Top Mistakes Companies Make During the Site Selection Process
Oftentimes, companies make mistakes in the location decision process that may prove detrimental to their long-term success — Here are the most common ones.
In an attempt to save companies from the hardships of their predecessors that we’ve witnessed over the years, we’ve compiled the top five mistakes we routinely see companies make in the location decision process. Consciously eliminating these mistakes from your next site selection project will result in the most effective location decisions.
1. Assembling an incomplete internal project team
Properly navigating the location decision process can be a complex endeavor that requires a high degree of cooperation and coordination across multiple disciplines. Although most companies understand the need for vendor(s) to possess the skill sets along the entire value chain of site selection, some companies make the critical mistake of not applying the same philosophy when assembling their internal team. Whether it is confidentiality concerns, the overall lack of resources, or siloed business units, we frequently see key stakeholders missing from our clients’ internal teams.
Based on our experience, a complete project team should include stakeholders from operations, supply chain, finance, human resources, real estate, and tax. In addition, it is imperative that all stakeholders be informed throughout the entire process even though their individual involvement might ebb and flow as the project progresses.
2. Loosely (or incorrectly) defining project specifications
Speed-to-market is a common concern for most site selection projects. Understandably, companies are typically anxious to commence the process, but unfortunately, at times, their hastiness sacrifices the accuracy of their project specifications. Because each site selection process should be highly customized based on the specific project’s technical requirements, starting the process before these are properly defined (or blatantly changing specifications mid-course) can have a costly effect on the ultimate location decision. At a minimum, we recommend spending the proper time and resources to tighten up head¬count and capital investment figures, as well as technical real estate and utility requirements prior to starting the search.
3. Letting economic incentives drive the project early in the process
Some companies can become enamored with the topic of economic incentives to a fault. It is natural for companies to enjoy being monetarily rewarded for creating jobs and investing capital into a community (or keeping up with the Jones…or Foxconns). However, the early stages of the location decision process are not the time to let economic incentives drive decisions. Overtly emphasizing the importance of economic incentives too early can likely have a counterproductive effect on the various issuing bodies (municipalities, counties, states, utilities, etc.). In addition, it is the objective of almost all companies to have operations far outlive an economic incentives package. Therefore, there is going to be a time when operations are not subsidized by these incentives.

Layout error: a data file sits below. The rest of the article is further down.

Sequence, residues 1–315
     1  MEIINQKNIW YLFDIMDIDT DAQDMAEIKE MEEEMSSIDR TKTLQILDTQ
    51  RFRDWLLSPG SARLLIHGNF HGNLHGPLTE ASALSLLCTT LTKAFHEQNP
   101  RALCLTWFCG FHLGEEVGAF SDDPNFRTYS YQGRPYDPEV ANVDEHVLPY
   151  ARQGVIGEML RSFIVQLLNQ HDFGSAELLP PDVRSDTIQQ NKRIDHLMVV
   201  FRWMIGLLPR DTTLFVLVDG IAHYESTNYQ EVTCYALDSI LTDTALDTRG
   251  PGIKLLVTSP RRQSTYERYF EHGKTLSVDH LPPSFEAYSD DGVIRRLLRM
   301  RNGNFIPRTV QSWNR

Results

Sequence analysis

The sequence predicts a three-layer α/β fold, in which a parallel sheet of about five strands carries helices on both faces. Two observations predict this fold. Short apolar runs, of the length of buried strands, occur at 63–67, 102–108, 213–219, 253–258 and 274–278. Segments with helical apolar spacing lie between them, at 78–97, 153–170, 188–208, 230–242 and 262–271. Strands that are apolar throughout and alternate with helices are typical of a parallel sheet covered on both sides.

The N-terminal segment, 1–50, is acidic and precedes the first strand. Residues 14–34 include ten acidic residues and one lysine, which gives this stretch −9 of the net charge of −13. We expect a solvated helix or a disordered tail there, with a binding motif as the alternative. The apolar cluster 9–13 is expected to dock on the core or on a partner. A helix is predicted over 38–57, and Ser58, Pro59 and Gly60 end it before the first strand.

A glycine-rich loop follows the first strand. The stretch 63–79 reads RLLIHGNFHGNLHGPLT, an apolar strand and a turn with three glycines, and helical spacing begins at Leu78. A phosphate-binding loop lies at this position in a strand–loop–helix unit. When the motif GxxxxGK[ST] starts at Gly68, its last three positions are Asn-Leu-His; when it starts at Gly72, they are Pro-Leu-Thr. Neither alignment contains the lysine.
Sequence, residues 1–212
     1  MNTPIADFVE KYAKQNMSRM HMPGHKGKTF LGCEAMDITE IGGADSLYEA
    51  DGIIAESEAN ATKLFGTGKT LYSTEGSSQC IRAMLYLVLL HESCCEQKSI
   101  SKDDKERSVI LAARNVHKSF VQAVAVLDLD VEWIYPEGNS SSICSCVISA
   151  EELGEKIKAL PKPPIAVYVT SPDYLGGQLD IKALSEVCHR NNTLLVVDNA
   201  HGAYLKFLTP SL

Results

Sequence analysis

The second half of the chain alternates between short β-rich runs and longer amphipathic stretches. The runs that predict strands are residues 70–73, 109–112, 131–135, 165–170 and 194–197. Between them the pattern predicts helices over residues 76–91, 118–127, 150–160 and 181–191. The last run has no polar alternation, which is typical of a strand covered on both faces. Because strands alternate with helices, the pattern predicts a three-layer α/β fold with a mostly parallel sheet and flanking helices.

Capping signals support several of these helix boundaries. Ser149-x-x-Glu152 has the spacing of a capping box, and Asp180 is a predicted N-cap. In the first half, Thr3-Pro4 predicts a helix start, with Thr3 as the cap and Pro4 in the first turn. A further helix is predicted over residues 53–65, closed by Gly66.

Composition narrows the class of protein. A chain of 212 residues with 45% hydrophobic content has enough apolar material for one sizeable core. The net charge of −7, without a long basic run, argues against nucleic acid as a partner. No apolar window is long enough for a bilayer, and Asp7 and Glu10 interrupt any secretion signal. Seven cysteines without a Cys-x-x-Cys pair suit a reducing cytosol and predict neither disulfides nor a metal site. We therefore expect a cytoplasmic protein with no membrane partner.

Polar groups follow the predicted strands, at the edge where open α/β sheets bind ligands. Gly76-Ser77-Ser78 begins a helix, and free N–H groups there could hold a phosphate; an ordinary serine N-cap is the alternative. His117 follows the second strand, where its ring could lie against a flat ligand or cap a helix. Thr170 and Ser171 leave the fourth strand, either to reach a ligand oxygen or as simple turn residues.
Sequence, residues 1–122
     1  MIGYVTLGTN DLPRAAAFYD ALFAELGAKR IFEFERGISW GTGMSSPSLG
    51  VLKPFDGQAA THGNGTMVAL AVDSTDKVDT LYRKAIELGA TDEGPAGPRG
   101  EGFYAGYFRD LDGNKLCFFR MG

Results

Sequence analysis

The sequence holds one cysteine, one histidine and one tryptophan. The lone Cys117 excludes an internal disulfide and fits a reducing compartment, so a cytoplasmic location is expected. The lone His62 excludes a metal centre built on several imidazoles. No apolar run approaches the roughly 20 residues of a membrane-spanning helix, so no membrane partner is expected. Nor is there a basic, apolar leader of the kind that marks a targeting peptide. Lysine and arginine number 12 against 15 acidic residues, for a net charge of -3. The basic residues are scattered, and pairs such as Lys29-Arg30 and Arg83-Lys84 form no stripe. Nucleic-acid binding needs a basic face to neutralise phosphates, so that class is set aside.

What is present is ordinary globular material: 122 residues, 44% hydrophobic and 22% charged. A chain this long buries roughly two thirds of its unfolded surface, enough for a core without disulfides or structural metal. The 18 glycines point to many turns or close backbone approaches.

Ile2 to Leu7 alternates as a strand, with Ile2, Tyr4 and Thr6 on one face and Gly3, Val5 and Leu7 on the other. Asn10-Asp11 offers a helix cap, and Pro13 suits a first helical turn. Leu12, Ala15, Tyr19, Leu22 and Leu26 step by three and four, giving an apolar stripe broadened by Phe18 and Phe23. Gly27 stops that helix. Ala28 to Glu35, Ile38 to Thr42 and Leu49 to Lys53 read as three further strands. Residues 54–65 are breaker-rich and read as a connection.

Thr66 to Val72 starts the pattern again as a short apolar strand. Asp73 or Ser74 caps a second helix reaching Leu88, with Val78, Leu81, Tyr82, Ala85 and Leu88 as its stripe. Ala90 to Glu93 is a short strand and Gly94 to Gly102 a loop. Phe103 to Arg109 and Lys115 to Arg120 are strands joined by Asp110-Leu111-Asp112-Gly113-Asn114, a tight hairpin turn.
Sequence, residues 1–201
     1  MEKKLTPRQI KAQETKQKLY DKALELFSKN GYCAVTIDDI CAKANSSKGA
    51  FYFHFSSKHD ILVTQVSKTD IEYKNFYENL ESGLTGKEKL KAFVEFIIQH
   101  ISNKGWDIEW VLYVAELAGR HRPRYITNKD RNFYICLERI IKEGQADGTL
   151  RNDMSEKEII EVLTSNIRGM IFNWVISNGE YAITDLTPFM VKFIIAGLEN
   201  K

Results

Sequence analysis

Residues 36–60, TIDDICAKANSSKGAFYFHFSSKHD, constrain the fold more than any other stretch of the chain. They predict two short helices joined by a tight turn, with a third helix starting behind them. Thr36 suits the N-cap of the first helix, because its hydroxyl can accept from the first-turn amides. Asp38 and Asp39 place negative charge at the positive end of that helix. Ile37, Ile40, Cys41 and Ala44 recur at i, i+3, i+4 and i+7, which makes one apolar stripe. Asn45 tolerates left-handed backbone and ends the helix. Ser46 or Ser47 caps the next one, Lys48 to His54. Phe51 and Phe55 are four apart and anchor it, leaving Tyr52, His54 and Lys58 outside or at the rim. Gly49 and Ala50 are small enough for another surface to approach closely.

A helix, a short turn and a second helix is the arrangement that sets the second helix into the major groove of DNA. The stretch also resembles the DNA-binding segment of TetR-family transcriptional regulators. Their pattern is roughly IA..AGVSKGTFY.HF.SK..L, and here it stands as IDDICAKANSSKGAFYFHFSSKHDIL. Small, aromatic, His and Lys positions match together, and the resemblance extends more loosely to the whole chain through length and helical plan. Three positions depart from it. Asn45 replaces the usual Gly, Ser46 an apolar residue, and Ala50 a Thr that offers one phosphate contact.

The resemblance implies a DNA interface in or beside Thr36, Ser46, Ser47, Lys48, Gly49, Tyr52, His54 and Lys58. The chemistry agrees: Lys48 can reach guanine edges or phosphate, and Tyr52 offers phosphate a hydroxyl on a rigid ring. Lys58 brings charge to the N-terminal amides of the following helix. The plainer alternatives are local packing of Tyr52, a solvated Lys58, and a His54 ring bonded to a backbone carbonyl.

One of our core philosophies is to find the optimal location that ensures our client’s ongoing operational success, and to only use economic incentives to draw meaningful distinctions between a set of competitive semi-finalist locations. There is a delicate balance to maximizing economic incentive opportunities while making sound location decisions.
4. Understating the tightness of the industrial real estate market
Due to a variety of macro factors, most manufacturers have a speed-to-market concern (as noted earlier). In most cases, the most effective way to shorten the timeline until a project is fully operational is to locate in an existing or retrofitted building. Again, in our experience, most production-oriented projects are not able to find an existing building suitable for their operational needs, and not for lack of effort; rather, these buildings simply do not exist. The market for second-generation, quality, production-oriented buildings is as tight as ever.
Due to these conditions, it is not uncommon for projects to be forced to extend timelines to accommodate a build-to-suit scenario. We recommend that companies run an independent, yet parallel search for shovel-ready land sites to mitigate risk. It is cheap insurance against a very competitive real estate market.
5. Internal bias toward locations early in the process
Objectivity should be the most important aspect of corporate site selection. The site selection process is meant to be a top-down approach where all location options are initially considered, while a series of analyses and filters are applied to pare down the field of candidates. This is a survival-of-the-fittest exercise that ensures companies are only selecting the most competitive locations.
Far too often, companies engage location consultants with preconceived notions that seriously jeopardize objectivity in the search process. This is typically born from companies doing some level of location due diligence internally prior to selecting their preferred vendor. While we believe this initial research can be a valuable way to evaluate the performance of your vendor and can also introduce helpful market and operational intelligence, we strongly encourage companies heed the advice of their partner and remain objective throughout the process.
2018 Leading Metro Locations: Pacific and Mountain Metros Dominate the List
33rd Annual Corporate Survey & the 15th Annual Consultants Survey
2018 Top States for Doing Business: Georgia Ranks #1 Fifth Year in a Row
Made in America: An Outlook for Manufacturing in the U.S.
Location USA 2018
A Changing Food Manufacturing Industry
2017 Food Processing
Opportunity Zones Can Uplift Communities and Investors Alike